FF Plus reaction to the Budget 2015/16

2015-02-25
Dr Pieter Mulder

It is a sad day if government finds it necessary to increase personal income tax with one percent for the first time in twenty years. It means that government had succeeded in balancing the books through other methods during the recession period and during other periods in which it experienced setbacks, but it is no longer capable of doing it. If taxes have to be increased, the FF Plus would have preferred that VAT is increased by 1%. Such and increase would have raised R18 to R20 billion which could provisionally have solved government’s shortages while all South Africans would have made a small contribution. Now a small group of income taxpayers are being targeted to carry the burden. If the same cow is consistently milked, the cow will dry up or stop providing jobs and revenue.

The continuous assistance given to public enterprises such as Eskom and SAA, without any plans to make them more independent through, for example, privatisation does not solve their problems. They are becoming like naughty, spendthrift children who never become independent because they know their parents will continue to rescue them.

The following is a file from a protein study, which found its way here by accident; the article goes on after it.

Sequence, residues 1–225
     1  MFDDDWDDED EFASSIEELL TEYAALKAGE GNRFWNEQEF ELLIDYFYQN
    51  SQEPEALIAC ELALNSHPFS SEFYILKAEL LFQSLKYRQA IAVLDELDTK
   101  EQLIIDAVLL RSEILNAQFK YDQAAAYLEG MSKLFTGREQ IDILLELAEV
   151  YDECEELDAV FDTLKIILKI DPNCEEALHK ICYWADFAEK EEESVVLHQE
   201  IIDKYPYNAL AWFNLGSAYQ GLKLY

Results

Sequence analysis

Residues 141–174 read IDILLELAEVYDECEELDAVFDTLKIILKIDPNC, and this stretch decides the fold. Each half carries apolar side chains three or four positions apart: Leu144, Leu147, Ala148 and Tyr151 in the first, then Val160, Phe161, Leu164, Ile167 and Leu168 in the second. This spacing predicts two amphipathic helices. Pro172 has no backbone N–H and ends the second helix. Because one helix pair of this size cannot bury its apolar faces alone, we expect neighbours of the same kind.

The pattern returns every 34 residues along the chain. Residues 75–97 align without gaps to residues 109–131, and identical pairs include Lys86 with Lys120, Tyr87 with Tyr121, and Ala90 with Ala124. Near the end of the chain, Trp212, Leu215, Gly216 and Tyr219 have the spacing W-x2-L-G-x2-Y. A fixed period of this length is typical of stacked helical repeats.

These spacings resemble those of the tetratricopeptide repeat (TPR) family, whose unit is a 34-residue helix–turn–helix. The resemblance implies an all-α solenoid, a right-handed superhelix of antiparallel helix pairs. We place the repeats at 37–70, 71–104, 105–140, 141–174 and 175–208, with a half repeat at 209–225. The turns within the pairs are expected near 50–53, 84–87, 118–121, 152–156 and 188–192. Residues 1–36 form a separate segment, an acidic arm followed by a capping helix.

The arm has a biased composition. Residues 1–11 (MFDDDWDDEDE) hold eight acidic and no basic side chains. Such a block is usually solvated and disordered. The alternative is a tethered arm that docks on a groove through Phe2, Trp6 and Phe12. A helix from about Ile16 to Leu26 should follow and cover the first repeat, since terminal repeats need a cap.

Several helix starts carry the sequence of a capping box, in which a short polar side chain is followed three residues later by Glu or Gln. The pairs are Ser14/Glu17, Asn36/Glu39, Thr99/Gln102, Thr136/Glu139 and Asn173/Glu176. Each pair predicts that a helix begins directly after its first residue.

The centralisation of certain government acquisitions such as text books is an attempt to combat corruption. Any measures to combat corruption are welcomed. The risks are however great that the public service does not have the administrative capacity to prevent such a central acquisition process eventually becoming a bottleneck which will be prejudicial to the whole country rather than just harming one province.

Attempts to encourage the establishment of more small businesses through tax exemptions are welcomed. With all the other restrictions such as power shortages and government red-tape still present, it will have to be seen to which extent the minister succeeds in having more small enterprises established.

The minister foresees that government debt in 2017 will rise to R2,3 trillion. It is difficult to envision this amount. In this budget, R153 billion is budgeted just to pay the interest on sovereign debt for this year. The future concern is that with an economic growth rate of 2%, government will not be capable of getting South Africa out of this debt trap.

 

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